The Novice Foodie's Taco Crawl

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Any foodie can tell you there is just as much satisfaction to be had from delicious food on the cheap as there is from a multi-course haute cuisine dinner. One way to find reliably delicious, cheap food is to hit up the ethnic areas of town, so I decided a taco crawl down Cherokee Street, home to several Mexican taquerias, would be apropos. While I've never done a taco crawl, per se, I'm no stranger to the bar crawl, so I figured I could knock out tacos from at least three establishments, possibly four.

I enlisted my friend Christine to accompany me on a gorgeous St Louis Saturday to the land of agua fresca and meats of all kinds. The parameters were as such: no food other than tacos (except, perhaps, chips and guacamole); agua fresca is the only acceptable beverage. My own personal parameter was that I must try at least one type of meat I hadn't before.

KELLI BEST-OLIVER
  • Kelli Best-Oliver

Lesson #1 when attempting to complete a meaningful, successful taco crawl: Don't blow your symbolic wad in the first taqueria. Which is exactly what I did. I essentially fasted before heading down to Cherokee for what ended up being a later lunch, so when we examined the menu at our first stop, Taqueria el Torito, I threw caution to the wind and ordered three tacos (chicharones, carnitas and al pastor) and a strawberry agua fresca. The lovely teenager working the counter asked if I wanted a small agua fresca. Mistakenly thinking I was exercising moderation, I ordered a medium, which was gigantic -- at least 44 ounces.

Agua fresca is a cold, sweet, fruit-based beverage, often creamy, always delicious. I knew I wanted strawberry, and Christine got lime, and neither disappointed. We slurped these, with free chips and salsa verde, while waiting for our tacos, which we could see being prepared in the large kitchen behind the counter.

I think a lot of people might feel intimidated visiting ethnic enclaves like those on Cherokee. Everyone speaks Spanish, and I'm always painfully self-conscious that I'm "doing it wrong" because I'm not an insider and no habla Español. I got over this while living in Germany for a while, where I'm sure most Germans I encountered regarded me as just another idiot American speaking broken German, subsequently shattering any pride I had in terms of intercultural fumblings. Now, when I go places where I'm the minority, I just go with it, ask questions and eat whatever I end up with. I like to observe everything happening around me so that next time, I'll be slightly less of an idiot.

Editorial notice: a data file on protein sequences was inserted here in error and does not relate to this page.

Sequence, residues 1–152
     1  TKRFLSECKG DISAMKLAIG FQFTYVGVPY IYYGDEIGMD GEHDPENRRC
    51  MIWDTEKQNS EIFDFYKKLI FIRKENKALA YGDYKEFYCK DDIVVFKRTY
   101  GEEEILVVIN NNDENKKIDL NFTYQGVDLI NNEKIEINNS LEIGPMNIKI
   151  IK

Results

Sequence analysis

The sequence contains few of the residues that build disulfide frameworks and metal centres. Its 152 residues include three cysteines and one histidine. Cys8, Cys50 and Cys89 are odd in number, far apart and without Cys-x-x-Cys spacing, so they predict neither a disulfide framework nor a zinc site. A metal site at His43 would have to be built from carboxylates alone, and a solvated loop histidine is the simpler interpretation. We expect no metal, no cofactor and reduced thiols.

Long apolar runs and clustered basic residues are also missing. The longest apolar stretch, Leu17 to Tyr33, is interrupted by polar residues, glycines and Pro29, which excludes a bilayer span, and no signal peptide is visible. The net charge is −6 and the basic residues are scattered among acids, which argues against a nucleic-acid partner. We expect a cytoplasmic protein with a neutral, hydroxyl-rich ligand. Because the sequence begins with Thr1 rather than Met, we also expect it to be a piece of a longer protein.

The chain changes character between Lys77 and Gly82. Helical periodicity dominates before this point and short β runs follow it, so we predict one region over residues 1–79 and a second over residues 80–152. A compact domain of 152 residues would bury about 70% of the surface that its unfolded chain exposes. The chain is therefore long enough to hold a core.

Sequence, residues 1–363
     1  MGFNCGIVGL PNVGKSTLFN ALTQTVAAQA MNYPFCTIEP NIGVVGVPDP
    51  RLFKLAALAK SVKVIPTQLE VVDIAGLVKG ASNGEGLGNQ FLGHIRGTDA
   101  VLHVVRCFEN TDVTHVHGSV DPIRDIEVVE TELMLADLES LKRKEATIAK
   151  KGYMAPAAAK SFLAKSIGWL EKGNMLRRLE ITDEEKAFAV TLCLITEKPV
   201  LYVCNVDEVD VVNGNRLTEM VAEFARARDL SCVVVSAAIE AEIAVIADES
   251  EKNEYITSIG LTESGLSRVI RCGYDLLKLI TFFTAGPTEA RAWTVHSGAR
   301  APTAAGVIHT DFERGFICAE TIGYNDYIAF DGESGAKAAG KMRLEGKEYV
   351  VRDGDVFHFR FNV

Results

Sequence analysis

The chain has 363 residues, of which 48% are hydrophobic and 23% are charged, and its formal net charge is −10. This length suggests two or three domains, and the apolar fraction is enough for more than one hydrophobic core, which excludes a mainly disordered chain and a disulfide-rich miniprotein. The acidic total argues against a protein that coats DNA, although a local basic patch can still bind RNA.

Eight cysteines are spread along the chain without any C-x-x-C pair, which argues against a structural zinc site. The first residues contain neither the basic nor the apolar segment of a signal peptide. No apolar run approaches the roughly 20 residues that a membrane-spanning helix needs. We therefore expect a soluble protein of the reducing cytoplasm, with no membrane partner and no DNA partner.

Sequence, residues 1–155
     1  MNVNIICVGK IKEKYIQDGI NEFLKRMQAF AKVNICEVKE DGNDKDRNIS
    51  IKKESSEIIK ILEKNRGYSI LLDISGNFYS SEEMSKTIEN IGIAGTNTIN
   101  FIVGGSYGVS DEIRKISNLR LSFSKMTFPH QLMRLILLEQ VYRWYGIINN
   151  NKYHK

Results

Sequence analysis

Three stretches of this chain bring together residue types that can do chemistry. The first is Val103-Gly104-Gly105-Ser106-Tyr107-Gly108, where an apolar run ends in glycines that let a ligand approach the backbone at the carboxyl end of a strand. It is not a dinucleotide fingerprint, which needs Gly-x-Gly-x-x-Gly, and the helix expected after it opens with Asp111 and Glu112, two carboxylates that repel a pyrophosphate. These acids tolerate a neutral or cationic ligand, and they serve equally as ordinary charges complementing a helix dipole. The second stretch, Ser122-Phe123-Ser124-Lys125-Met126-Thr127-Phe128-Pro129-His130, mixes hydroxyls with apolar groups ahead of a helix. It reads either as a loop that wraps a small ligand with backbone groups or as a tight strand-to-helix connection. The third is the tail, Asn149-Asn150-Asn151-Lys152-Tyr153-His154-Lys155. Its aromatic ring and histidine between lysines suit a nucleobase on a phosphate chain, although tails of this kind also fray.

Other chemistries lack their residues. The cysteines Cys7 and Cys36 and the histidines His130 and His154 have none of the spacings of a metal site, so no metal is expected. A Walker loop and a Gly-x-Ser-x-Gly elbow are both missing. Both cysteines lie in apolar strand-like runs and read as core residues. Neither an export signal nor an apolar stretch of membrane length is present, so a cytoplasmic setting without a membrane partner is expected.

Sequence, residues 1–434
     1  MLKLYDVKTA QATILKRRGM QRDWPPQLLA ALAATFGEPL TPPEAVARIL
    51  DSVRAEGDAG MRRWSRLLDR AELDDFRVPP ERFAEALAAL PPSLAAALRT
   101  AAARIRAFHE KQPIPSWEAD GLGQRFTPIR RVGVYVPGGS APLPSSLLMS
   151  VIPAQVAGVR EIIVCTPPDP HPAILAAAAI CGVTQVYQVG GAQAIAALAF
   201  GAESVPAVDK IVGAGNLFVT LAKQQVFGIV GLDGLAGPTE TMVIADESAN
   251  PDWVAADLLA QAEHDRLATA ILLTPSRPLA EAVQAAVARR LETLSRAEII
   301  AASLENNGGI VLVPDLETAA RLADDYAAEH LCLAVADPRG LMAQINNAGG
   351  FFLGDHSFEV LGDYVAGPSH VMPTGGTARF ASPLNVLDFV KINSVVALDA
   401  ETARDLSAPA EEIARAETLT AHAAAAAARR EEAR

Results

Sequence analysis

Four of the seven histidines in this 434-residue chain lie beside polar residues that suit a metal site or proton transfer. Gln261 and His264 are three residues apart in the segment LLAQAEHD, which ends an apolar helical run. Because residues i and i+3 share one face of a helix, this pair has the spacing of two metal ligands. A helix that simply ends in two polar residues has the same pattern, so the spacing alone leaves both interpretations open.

There's plenty to watch at El Torito. The giant kitchen behind the counter was a hub of activity. A man stacked and packaged tortillas spit out by a machine, while several women stirred giant cauldrons of stewing meat. Neighborhood people came in and out, getting to-go boxes from the buffet.

KELLI BEST-OLIVER
  • Kelli Best-Oliver

When our tacos came, we both dug in. Taqueria tacos, if you're a Chipotle/Taco Bell/El Maguey-loving gringo, are a simpler affair: two small corn tortillas topped with your chosen meat, chopped onions and cilantro; on the side is a lime wedge to squirt over the whole thing. I added a drizzle of the aforementioned salsa verde. My favorite was the al pastor; spit-grilled pork with pineapple, which makes for a sweet and salty combination that is downright addictive.

By the time we finished at el Torito, I knew I was heading for trouble. My stomach was already feeling full, bloated with an ocean of agua fresca, but we must soldier on in the name of bold food exploration. However, in my heart of hearts I knew my taco crawl was heading for epic failure. I doubted I would last much longer. We waddled next door to La Vallesana, home to a crowded patio and an incredibly awesome braided rattail on the patron next to us. I ordered another al pastor, along with a lengua (beef tongue) and a horchata (a sweet drink often made from rice), as they were out of their fruit-flavored agua frescas. We chomped on radishes, brought to our table instead of chips, while we waited.

I was only able to eat half of each of my tacos, as delicious as they were, before feeling as though I was going to pass out, so we got a to-go box, and, weeping in the desperation of our failure, headed home, where I put on sweatpants and watched reruns of Degrassi and lamented my failed attempt at epic taco consumption.

I thought of my original plans, to slowly eat a dozen small tacos, maybe a torta, all washed down with agua fresca, and realized the laughable idealism that damned me from the start. No matter. I can return again, to conquer the other taquerias of Cherokee, Taqueria el Bronco or Garduño's, wiser in my strategy: no more than two tacos per taqueria, go easy on the sides, and when the girl at the counter suggestively sells you a small agua fresca, take her advice.

Kelli Best-Oliver is on a quest to become a full-fledged foodie. She chronicles her adventures for Gut Check every Tuesday. She writes about any damn thing she pleases at South City Confidential.